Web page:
He also says the district has been allocating federal, state and local dollars toward security, a necessary component of school safety that Trump cautions leaders to find balance with.
“We are concerned that many schools are using federal pandemic relief money and state grants on weapons detection systems, metal detectors, panic buttons and other security products to help them solve a political problem—a school community relations problem—as much as, if not more so than, an actual school safety problem,” Trump says.
Districts must carefully design their security budgets to avoid what Trump calls “security theater,” the process of investing too heavily into physical security to make a school environment seem safer than it really is.
“I predict many of these expenditures will end up in school districts dropping leases and refusing to incorporate dollars from their district operating budgets to sustain, repair and replace these items once the grant funding goes dry,” he says.
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Among Portsmouth leadership, Morris says the district has placed an increased focus on school safety as they’ve “spent much time and money to put in place many processes, procedures, strategies and physical safety measures,” he explains. As for the 2023-24 school year, they’ve already begun preparations to ensure the safety of their students and staff, including establishing threat assessment teams and protocols in each school building, training every staff member on the threat assessment process, practicing safety protocol to identify strengths and weaknesses and strengthening partnerships with their local agencies that can support their district, among other steps.
These preparations are prime examples of what Trump expects to see happening in school districts around the nation this summer. But for those unsure where to begin, he advises leaders to develop strategies focused on people, rather than simply targeting school “hardening” tactics.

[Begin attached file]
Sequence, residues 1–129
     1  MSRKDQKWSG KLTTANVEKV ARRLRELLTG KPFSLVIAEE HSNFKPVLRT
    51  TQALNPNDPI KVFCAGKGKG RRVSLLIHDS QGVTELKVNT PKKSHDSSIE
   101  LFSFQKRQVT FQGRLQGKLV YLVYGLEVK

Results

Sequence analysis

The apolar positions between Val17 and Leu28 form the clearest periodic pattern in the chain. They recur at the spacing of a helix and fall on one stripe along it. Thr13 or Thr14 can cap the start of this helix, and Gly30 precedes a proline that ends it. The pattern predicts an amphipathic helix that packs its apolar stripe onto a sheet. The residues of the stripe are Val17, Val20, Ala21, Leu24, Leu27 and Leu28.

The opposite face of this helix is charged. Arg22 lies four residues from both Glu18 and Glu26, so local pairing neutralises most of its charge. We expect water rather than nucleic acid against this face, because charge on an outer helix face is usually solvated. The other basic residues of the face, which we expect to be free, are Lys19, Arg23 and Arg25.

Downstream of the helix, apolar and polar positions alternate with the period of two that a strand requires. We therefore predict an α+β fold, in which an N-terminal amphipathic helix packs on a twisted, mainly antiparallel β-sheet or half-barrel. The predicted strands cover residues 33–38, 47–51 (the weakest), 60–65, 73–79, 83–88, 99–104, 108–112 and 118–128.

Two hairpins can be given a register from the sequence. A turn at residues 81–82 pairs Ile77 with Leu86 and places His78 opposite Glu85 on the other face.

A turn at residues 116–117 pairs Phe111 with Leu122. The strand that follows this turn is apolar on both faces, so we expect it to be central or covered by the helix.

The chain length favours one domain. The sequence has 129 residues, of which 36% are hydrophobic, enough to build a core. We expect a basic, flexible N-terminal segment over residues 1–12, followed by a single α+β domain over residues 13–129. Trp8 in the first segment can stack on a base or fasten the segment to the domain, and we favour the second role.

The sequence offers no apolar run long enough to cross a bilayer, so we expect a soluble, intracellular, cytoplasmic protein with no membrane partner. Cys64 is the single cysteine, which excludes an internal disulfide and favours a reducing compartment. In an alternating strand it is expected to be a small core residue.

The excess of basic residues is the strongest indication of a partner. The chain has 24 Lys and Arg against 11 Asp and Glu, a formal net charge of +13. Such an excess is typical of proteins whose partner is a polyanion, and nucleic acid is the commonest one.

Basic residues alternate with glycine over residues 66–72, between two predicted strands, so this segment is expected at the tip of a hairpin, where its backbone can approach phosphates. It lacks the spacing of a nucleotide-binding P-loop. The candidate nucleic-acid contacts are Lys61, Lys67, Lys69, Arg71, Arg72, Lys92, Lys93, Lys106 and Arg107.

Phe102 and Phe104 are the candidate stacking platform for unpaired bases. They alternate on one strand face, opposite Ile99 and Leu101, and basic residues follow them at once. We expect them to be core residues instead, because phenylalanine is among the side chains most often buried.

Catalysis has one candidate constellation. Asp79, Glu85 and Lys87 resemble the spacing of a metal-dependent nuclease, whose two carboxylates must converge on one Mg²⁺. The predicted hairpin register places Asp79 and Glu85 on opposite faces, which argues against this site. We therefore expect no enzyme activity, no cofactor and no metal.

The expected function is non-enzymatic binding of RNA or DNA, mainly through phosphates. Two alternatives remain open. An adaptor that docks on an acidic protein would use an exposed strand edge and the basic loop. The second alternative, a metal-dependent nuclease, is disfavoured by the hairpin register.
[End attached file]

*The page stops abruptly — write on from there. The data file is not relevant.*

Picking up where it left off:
“As a civil litigation expert witness on some of the nation’s highest-profile school shootings, while the facts and merits of each case vary, a common thread is that they involve allegations of failures of human factors—people, policies, procedures, plans and communications—not alleged failures of security products and technology,” he explains.
“When security works, it is because of the people. When security fails, it is because of the people. School leaders must spend more time on the people side of school safety starting with dedicating more time to training their staff—and that means all staff—including support personnel such as those working in the front office, cafeterias, custodial and maintenance staff and bus drivers.”
However, he says we’ll see district leadership teams return to administrative retreats and professional development days carving little time for safety training and emergency preparedness. But, he notes an uptick in inquiries from school boards, superintendents and independent school heads “seeking independent professional evaluations of their security and emergency preparedness.”
“School leaders need to incorporate periodic evaluations of their school security and emergency preparedness into their operating budgets in the same way they do external curriculum audits and other facility audits.”